One question that consistently haunts many leaders is, “Am I a good leader?” Naturally, the question, “Could me and my team be better?” might then follow.
The pursuit for excellence in leadership and team performance is a desire shared by a huge amount of leaders across all sectors. Leaders that genuinely care about their impact.
So then discerning the difference between an “ok” team and an “outstanding” one becomes vital. Especially for those who want to elevate their team’s performance and create a harmonious and effective workplace.
And, of course, we don’t ever want to sacrifice a team’s well-being in the pursuit of excellence.
There needs to be a balance.
Is your team thriving?
There are plenty of ways to measure whether your team is efficient in terms of KPIs etc, but whether they’re thriving is a bit less tangible. It’s more about behaviours and culture, as well as morale.
- Thriving teams display emotional commitment and dedication to their work and the organisation’s mission.
- Effective communication flows freely among team members, promoting transparency, collaboration, and mutual understanding.
- A thriving team aligns around a common purpose, driven by a shared vision that everyone believes in.
- Thriving teams navigate challenges with patience and understand. They adapt to change effectively, showing resilience.
- Thriving teams are effective, invested, and want to stay where they feel valued.
Recruitment, retention, and employee engagement form a trio of challenges that can hinder a team from reaching a thriving status.
Many organisations are struggling with recruitment and team retention – and of course there are several factors at play here in the non-profit sector including the pandemic, underfunding, the cost of living crisis and increased workload. Attracting and retaining great team members becomes an ongoing struggle. Disengaged team members not only affect their own performance but can also create a ripple effect that impacts the entire team’s morale and productivity.
The aftermath of the COVID-19 pandemic introduced the hybrid working model, bringing with it a new set of challenges. Team members are now often dispersed, relying heavily on virtual communication. Miscommunications and misunderstandings become more common in this setting, leading to reduced team cohesion and the camaraderie that once existed. Leaders have to now find new ways to cultivate a sense of belonging and connection among team members, despite the physical distances.
Bridging the gap
This is also exacerbated by the ‘Us’ and ‘Them’ mentality that often exists between teams and management.
This mindset creates a divide where team members perceive themselves as being separate from, and sometimes even in opposition to, the management or leadership. This division can lead to miscommunications, misunderstandings, and a lack of trust between the two groups, not to mention a lack of morale.
Traditional hierarchical structures in organisations can reinforce the ‘Us’ and ‘Them’ mentality. When there’s a significant ‘distance’ between leaders and team members, it might be challenging for team members to feel comfortable speaking up or sharing their perspectives openly.
Effective communication is critical for breaking down barriers, but that can be hindered by several factors, such as a lack of open channels for feedback or genuine fear of repercussions.
Plus, previous negative experiences or instances of feeling unheard or undervalued can fuel team members’ reluctance to trust or collaborate with management.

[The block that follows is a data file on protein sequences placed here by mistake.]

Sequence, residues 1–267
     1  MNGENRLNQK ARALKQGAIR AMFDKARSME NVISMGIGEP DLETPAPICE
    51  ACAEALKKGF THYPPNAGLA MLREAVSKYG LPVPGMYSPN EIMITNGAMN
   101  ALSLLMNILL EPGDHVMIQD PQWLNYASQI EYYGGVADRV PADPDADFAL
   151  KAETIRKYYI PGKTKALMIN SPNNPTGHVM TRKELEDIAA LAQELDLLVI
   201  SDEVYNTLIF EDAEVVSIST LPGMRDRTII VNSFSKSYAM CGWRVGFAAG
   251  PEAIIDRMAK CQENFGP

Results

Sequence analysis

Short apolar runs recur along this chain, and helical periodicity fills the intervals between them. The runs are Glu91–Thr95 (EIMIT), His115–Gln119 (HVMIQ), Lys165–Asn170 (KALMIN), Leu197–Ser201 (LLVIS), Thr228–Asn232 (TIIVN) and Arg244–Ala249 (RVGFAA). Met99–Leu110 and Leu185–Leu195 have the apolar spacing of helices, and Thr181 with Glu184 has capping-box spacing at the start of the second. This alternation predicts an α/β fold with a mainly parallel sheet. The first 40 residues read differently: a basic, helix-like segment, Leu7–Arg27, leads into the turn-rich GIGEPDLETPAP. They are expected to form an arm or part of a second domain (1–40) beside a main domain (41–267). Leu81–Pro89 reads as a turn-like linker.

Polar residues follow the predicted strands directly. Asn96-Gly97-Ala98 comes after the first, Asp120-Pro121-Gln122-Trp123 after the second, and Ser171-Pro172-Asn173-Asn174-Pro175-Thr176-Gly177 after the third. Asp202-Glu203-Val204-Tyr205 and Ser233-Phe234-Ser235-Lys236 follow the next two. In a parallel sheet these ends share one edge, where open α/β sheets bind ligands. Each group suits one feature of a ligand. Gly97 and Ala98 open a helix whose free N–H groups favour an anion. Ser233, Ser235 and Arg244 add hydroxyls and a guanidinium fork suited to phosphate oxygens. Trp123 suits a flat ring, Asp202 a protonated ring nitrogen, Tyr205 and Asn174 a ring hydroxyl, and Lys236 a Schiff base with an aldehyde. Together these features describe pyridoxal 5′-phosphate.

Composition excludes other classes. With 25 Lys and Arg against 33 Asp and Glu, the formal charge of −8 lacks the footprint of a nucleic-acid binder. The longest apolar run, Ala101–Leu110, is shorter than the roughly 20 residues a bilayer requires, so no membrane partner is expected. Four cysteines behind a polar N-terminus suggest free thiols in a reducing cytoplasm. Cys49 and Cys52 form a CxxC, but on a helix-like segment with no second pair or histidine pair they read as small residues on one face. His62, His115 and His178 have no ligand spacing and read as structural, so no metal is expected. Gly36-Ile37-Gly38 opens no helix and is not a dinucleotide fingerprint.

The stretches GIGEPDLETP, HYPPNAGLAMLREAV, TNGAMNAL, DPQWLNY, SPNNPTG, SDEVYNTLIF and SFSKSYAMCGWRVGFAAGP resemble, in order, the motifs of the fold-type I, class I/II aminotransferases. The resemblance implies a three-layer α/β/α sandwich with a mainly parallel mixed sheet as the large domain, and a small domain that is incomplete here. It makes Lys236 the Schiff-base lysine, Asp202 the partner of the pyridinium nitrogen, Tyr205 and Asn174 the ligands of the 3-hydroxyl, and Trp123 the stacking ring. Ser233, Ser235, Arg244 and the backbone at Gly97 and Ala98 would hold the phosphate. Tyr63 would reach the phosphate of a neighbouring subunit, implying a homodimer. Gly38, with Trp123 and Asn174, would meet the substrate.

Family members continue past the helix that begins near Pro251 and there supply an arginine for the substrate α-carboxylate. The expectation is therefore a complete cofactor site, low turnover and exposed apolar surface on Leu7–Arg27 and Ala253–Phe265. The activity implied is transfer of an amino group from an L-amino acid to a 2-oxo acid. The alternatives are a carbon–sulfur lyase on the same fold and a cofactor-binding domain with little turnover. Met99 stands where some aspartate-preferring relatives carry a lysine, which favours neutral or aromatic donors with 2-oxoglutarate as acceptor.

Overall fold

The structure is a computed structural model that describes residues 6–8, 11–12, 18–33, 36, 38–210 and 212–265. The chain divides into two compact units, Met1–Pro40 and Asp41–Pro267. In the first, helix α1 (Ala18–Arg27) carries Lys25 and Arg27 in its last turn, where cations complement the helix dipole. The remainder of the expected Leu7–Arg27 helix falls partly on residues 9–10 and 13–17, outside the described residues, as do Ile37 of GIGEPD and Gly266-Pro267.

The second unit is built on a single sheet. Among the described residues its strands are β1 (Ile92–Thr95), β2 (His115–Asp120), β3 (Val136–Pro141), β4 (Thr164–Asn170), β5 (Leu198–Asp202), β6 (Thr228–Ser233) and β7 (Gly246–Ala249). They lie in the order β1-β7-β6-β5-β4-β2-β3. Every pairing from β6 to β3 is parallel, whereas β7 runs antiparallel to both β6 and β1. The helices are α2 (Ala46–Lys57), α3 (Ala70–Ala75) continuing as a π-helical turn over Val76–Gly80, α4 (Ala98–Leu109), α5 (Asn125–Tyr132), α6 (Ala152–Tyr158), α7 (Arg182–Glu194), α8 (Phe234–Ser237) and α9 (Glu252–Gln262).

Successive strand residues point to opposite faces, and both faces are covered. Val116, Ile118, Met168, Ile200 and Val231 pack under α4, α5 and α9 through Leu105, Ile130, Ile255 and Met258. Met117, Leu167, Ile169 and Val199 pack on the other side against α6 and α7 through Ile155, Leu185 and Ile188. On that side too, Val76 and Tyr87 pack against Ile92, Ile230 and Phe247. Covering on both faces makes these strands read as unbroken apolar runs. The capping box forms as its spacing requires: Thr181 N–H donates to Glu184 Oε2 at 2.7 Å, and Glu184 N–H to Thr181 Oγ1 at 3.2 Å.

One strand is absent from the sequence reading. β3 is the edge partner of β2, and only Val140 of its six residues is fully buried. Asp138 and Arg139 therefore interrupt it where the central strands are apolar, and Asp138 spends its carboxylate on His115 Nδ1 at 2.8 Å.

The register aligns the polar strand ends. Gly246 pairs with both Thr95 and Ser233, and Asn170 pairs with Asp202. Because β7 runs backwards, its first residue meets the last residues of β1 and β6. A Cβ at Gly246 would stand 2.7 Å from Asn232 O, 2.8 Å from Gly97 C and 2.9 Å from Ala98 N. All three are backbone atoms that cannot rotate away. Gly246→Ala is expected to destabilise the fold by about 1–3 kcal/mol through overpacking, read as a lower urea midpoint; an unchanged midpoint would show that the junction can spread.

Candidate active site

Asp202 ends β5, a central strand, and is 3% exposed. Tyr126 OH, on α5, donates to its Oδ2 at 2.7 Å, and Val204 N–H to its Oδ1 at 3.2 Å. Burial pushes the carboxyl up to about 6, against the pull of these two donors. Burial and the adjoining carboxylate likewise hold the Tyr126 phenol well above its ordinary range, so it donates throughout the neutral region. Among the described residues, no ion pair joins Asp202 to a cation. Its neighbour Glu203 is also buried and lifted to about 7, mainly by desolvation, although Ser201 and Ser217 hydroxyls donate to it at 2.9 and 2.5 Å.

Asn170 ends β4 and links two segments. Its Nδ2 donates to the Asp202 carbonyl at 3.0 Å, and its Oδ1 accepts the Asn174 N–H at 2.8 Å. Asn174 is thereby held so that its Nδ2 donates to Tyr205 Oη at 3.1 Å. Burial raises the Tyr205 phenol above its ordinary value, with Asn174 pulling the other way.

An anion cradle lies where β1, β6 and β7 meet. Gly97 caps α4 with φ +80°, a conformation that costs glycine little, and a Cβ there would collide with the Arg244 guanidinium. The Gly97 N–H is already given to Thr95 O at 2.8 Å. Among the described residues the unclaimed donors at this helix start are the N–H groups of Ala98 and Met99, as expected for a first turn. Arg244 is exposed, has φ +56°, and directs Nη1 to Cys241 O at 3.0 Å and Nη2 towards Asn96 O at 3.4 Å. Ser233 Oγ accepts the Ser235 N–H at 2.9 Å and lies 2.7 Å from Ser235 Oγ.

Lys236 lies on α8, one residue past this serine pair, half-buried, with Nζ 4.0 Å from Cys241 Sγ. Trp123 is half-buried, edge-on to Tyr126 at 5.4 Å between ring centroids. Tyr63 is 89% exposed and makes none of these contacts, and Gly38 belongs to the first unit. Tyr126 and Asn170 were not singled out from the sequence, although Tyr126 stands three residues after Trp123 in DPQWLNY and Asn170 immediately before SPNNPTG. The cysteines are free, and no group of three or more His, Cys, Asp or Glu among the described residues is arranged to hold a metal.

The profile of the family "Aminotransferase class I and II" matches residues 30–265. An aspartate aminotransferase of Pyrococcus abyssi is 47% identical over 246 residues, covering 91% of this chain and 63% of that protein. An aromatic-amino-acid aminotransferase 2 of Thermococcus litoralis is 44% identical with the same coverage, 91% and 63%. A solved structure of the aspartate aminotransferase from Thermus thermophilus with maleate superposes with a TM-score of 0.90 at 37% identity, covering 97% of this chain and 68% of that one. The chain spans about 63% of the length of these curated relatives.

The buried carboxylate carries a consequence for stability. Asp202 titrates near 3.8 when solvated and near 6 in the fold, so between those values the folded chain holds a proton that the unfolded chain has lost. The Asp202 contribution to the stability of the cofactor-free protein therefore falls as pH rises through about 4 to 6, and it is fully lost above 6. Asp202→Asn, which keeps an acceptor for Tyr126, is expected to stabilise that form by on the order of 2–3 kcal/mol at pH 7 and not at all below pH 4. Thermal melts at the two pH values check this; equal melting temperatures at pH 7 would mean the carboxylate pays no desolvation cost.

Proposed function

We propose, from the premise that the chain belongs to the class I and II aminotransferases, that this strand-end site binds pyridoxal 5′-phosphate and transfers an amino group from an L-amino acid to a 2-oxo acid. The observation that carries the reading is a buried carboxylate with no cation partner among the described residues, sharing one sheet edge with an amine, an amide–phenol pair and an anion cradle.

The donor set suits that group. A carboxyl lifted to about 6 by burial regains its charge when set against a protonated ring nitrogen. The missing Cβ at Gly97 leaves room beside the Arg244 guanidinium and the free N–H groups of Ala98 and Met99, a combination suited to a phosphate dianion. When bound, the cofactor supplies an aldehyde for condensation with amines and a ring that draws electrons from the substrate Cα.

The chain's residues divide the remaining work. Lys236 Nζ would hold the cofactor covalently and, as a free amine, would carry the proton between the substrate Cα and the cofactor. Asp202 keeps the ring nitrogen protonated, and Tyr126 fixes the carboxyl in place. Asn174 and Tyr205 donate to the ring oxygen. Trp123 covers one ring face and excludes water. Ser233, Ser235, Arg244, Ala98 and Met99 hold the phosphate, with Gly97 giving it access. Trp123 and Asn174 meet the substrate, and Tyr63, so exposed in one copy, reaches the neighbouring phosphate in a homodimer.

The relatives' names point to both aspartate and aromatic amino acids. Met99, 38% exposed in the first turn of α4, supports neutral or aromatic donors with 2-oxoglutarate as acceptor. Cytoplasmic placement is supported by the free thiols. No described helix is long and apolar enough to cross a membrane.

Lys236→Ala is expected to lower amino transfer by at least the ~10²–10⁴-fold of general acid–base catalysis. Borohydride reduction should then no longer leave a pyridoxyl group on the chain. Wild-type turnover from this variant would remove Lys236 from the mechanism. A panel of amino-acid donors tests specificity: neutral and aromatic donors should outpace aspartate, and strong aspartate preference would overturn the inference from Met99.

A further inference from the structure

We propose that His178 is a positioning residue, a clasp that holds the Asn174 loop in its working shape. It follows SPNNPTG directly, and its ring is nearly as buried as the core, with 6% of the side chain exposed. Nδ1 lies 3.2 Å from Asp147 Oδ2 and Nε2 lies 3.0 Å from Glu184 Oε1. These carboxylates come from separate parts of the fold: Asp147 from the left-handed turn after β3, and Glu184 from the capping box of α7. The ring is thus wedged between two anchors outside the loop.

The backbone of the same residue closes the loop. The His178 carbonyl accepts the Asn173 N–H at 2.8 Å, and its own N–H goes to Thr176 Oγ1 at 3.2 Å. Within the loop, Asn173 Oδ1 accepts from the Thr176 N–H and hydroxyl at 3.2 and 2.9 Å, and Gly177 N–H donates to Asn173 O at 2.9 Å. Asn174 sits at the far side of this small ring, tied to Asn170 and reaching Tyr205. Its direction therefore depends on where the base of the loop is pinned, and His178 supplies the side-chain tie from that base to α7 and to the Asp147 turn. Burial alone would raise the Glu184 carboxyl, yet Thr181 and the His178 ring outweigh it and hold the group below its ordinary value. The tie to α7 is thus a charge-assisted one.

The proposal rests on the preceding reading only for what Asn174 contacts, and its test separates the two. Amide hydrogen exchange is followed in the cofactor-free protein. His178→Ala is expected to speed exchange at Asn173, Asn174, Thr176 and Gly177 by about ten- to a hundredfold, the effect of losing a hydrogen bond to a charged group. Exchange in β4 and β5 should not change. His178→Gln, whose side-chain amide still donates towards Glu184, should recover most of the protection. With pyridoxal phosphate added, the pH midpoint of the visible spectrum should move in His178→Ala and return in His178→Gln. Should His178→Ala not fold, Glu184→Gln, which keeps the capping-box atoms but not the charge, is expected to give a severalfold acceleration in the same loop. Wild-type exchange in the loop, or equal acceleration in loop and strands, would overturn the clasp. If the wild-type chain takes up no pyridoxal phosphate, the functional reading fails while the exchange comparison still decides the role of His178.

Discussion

The overall culture of an organisation can either encourage collaboration and transparency or perpetuate the divide. Changing the culture might require significant effort and time but it’s certainly possible – and it’s worth it.
Leaders who are genuinely committed to bridging the gap might face some resistance but the journey from an “ok” team to an “outstanding” team is an ongoing process of growth, understanding, and collaboration.
I know what you’re thinking, easier said than done?
Influence and Collaboration
Influencing effectively and garnering support from team members is a vital skill for leaders aiming to drive positive change within their organisations. Leaders can cultivate trust and respect by actively listening to team members’ perspectives, and involve them in shaping the team’s direction.
Collaboration is the absolute cornerstone of achieving great results, and when team members feel valued and heard, they become more motivated to contribute wholeheartedly. And they’ll likely become genuinely happier.
Leadership is all about motivating people and helping them reach their full potential. Encouraging them to have autonomy, focus on themselves, and create harmony within the team. When you work on your own challenges and lead by example, you help others more as well as inspire them to do the same.
Focusing on what matters
The phrase “people not paperwork” serves as a powerful reminder for leaders to prioritise their team members’ well-being and growth over more bureaucratic processes. Instead of getting lost in endless administrative tasks, leaders need to invest time and effort in understanding the needs, aspirations, and challenges of their team members. Recognising and celebrating achievements, providing continuous feedback, and offering opportunities for skill development are fundamental to cultivating a thriving team.
We value the importance of the individual and understand that your team dynamic will be unique.
With a variety of skill sets, strengths, and challenges your team needs bespoke support. And that’s what we do best.
By working with you to identify the areas you need to strengthen and improve, we create training courses and workshops tailored to you and your team.
We provide follow-up to all our courses, as well as ongoing support packages where needed.